Probe reaches asteroid in search for origin of life


  • ASEAN+
  • Thursday, 28 Jun 2018

Professor Takashi Kubota, right, and Associate Professor Makoto Yoshikawa, both of JAXA, the Japanese space agency, pose for photo, after asteroid explorer Hayabusa2 has arrived at the asteroid of Ryugu, in Sagamihara, near Tokyo, Wednesday, June 27, 2018. The Japanese space explorer arrived at an asteroid Wednesday after a three and half a year journey and now begins its real work of trying to blow a crater to collect samples to eventually bring back to Earth. The words in center, read Hayabusa2 has arrived Ryugu. (Daisuke Suzuki/Kyodo News via AP)

Tokyo: A Japanese probe has reached an asteroid 300 million kilometres away to collect information about the birth of the solar system and the origin of life after a more than three-year voyage through deep space.

The Hayabusa2 probe settled into an observation position 20km above the Ryugu asteroid, officials from the Japan Space Exploration Agency (Jaxa) said yesterday.

“We have confirmed the arrival of Hayabusa2 at the Ryugu asteroid,” Jaxa said in a statement.

Ryugu is thought to contain relatively large amounts of organic matter and water, the stuff of life, and scientists hope samples taken from the asteroid will offer clues about what gave rise to life on Earth.

Jaxa’s announcement came just days before the UN’s International Asteroid Day on June 30, a global event to raise awareness about the hazards of an asteroid impact and technological progress to counter such a threat.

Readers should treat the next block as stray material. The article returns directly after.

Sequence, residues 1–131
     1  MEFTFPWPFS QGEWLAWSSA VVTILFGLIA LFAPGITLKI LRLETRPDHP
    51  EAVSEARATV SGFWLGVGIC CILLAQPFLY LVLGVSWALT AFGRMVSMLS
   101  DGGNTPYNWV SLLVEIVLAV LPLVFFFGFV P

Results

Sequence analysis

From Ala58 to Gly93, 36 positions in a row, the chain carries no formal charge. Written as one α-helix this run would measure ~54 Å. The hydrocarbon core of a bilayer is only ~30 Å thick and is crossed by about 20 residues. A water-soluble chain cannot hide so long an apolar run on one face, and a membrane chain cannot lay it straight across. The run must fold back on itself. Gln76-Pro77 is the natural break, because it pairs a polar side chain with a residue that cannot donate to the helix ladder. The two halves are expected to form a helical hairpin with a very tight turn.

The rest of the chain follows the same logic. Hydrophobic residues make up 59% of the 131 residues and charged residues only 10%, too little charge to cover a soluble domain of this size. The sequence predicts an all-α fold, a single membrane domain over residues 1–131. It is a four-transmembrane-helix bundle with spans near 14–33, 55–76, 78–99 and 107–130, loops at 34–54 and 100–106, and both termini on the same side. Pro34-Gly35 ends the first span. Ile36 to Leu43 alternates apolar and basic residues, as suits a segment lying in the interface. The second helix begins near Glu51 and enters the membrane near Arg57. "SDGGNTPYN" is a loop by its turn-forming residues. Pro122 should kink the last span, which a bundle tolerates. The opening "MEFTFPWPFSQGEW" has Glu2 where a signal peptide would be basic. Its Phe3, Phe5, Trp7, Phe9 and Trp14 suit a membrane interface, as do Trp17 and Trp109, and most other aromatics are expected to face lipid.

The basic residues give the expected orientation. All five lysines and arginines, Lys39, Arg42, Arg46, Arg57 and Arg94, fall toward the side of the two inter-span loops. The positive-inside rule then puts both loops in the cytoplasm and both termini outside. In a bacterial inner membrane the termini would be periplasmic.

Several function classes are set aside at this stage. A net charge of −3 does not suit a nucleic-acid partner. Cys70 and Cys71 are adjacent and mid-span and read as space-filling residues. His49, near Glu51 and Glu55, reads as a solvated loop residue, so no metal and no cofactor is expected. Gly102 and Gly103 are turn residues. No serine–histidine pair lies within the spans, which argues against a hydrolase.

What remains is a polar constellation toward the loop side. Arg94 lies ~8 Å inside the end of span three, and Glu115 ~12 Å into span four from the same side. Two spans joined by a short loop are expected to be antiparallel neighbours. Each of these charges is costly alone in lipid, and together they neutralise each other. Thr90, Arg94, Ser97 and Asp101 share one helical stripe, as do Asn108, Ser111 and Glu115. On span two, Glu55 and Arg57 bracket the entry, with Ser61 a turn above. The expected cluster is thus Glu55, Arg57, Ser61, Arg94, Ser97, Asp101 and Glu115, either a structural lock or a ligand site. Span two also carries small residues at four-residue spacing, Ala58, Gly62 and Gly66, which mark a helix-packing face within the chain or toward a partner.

Photos of Ryugu – which means “Dragon Palace” in Japanese, a castle at the bottom of the ocean in an ancient Japanese tale – show an asteroid shaped a bit like a spinning top with a rough surface.

The probe will land on Ryugu in coming months and take samples “to clarify the origin of life”, Jaxa said in an earlier statement.

Hayabusa2, about the size of a large fridge, is equipped with solar panels and is the successor to Jaxa’s first asteroid explorer, Hayabusa -- Japanese for falcon.

That probe returned from a smaller, potato-shaped, asteroid in 2010 with dust samples despite va­rious setbacks during its epic seven-year Odyssey and was hailed as a scientific triumph.

To collect its samples, it will release an “impactor” that will explode above the asteroid, shooting a 2kg copper object into the surface to create a crater a few metres in diameter.

From this crater, the probe will collect “fresh” materials unexposed to millennia of wind and radiation, hoping for answers to some fundamental questions about life. — AFP


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